It is common for the symptoms of a concussion to recur during times of exertion or stress – even after the initial symptoms have improved. The exertion or stress that brings on post-concussion symptoms can be either physical or mental. Difficulty with concentration, sleep pattern disturbances, mood changes, and fatigue or low energy levels are commonly reported during time periods of days, weeks, or even months following a concussive injury.

It is difficult to predict the recovery time required for any one individual after a concussion. Several factors, including younger age, female gender, history of other concussions, and the presence of other health issues such as migraines or mood disorders tend to predict longer recovery times.

The risk of resuming normal activity too soon following a concussion is potentially significant. For youth athletes, there appears to be a particularly dramatic additive effect of repeated trauma – meaning that less impact force can cause more damage during subsequent injuries. This is called Second Impact Syndrome, which can be fatal. For those of any age who have had a concussion, there is a risk of developing Post-Concussion Syndrome. This risk appears to increase with each subsequent event that occurs without full recovery from a prior episode. Post-Concussion Syndrome involves prolonged symptoms such as migraines, sleep disorders, or mood disturbances such as irritability or argumentative behavior. These symptoms may persist for extended periods of time.

The risk of other musculoskeletal injury is also theoretically higher after a concussion.  Visual and balance deficits that may be present after a concussion can impact coordination and movement planning – putting a person at a higher risk for falls or other sport injuries.

Longer-term health consequences of repeated head injury are also being studied. There appears to be a relationship between head injury and memory issues later in life. Studies of retired football players have demonstrated a higher incidence in this population compared to age-matched males of symptoms similar to those seen in patients with Alzheimer’s disease or progressive motor neuron diseases like Lou Gehrig’s disease.  Declines in memory and mood, as well as changes in personality, have been reported in patients whose brains have later been studied after their deaths and found to show specific protein marker patterns that are different than in ‘normal’ brains.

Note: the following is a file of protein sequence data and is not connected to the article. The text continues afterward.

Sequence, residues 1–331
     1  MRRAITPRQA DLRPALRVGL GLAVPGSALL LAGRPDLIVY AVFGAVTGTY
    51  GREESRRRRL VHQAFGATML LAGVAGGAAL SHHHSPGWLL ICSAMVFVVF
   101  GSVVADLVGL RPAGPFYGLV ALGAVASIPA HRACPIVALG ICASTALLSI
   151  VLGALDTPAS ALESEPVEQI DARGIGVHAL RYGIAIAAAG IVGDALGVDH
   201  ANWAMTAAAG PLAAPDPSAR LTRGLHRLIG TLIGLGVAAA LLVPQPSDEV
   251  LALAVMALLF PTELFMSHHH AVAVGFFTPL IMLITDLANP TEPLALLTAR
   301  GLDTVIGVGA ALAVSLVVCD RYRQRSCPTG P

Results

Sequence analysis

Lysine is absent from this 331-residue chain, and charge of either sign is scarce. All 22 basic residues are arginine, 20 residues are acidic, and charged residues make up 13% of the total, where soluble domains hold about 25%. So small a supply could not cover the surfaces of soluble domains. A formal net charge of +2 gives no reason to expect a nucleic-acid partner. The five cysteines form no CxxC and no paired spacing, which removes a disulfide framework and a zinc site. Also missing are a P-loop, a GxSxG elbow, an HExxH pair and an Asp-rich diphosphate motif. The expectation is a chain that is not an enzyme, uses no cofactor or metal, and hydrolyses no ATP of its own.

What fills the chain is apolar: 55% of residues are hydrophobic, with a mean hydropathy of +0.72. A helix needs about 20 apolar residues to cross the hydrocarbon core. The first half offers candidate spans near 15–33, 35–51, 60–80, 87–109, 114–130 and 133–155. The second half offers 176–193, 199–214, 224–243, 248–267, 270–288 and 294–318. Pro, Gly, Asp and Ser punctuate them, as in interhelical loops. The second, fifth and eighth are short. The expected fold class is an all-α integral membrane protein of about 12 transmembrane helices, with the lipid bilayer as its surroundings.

4) Rest alone does not constitute comprehensive concussion rehabilitation.

It is very important to rest – both physically and mentally – after a concussion injury.  Rest allows the brain an opportunity to begin to repair itself. Sometimes rest will necessitate the modification of typical daily activities. For example, an injured student athlete would need to temporarily reduce athletics at school, and might need to delay exams that would require intense studying. For adults, reduced hours at work and the reduction or elimination of computer use temporarily might be needed. The main goal would be to keep activity during daily activities at a level that does NOT cause any of the symptoms of a concussion – dizziness, headache, etc.

As more is learned about concussions, it is becoming apparent that total rest, or rest without any other rehabilitation intervention, is not the most effective way to recover from this type of injury. It is being found that injured persons that stay involved in activities at some level, and that also engage in prescribed light physical activity during their initial recovery stages after a concussion, tend to have better longer-term recoveries than people who either returned faster to higher levels of activity or who had more complete rest during their initial recoveries.

The physical symptoms after a concussion tend to occur across multiple body systems. The visual system and the vestibular system (which is responsible for balance) are typically involved. It is also likely that a concussion will cause mechanical problems with the neck or upper back. Each of these issues can be treated by physical therapists that have been trained to treat concussion injuries.  A physical therapist might also work in conjunction with other specialists, such as audiologists and ophthalmologists, to design and implement comprehensive treatment programs that address visual, vestibular, and spinal rehabilitation in addition to monitored cardiovascular training.

As described in the most recent International Consensus Statement on Concussion in Sport, a concussion is a ‘complex pathophysiological process’. Careful assessment and treatment of this process in a manner individualized to each injured person is important.

Contact us today if you’d like to schedule baseline testing or post-injury treatment.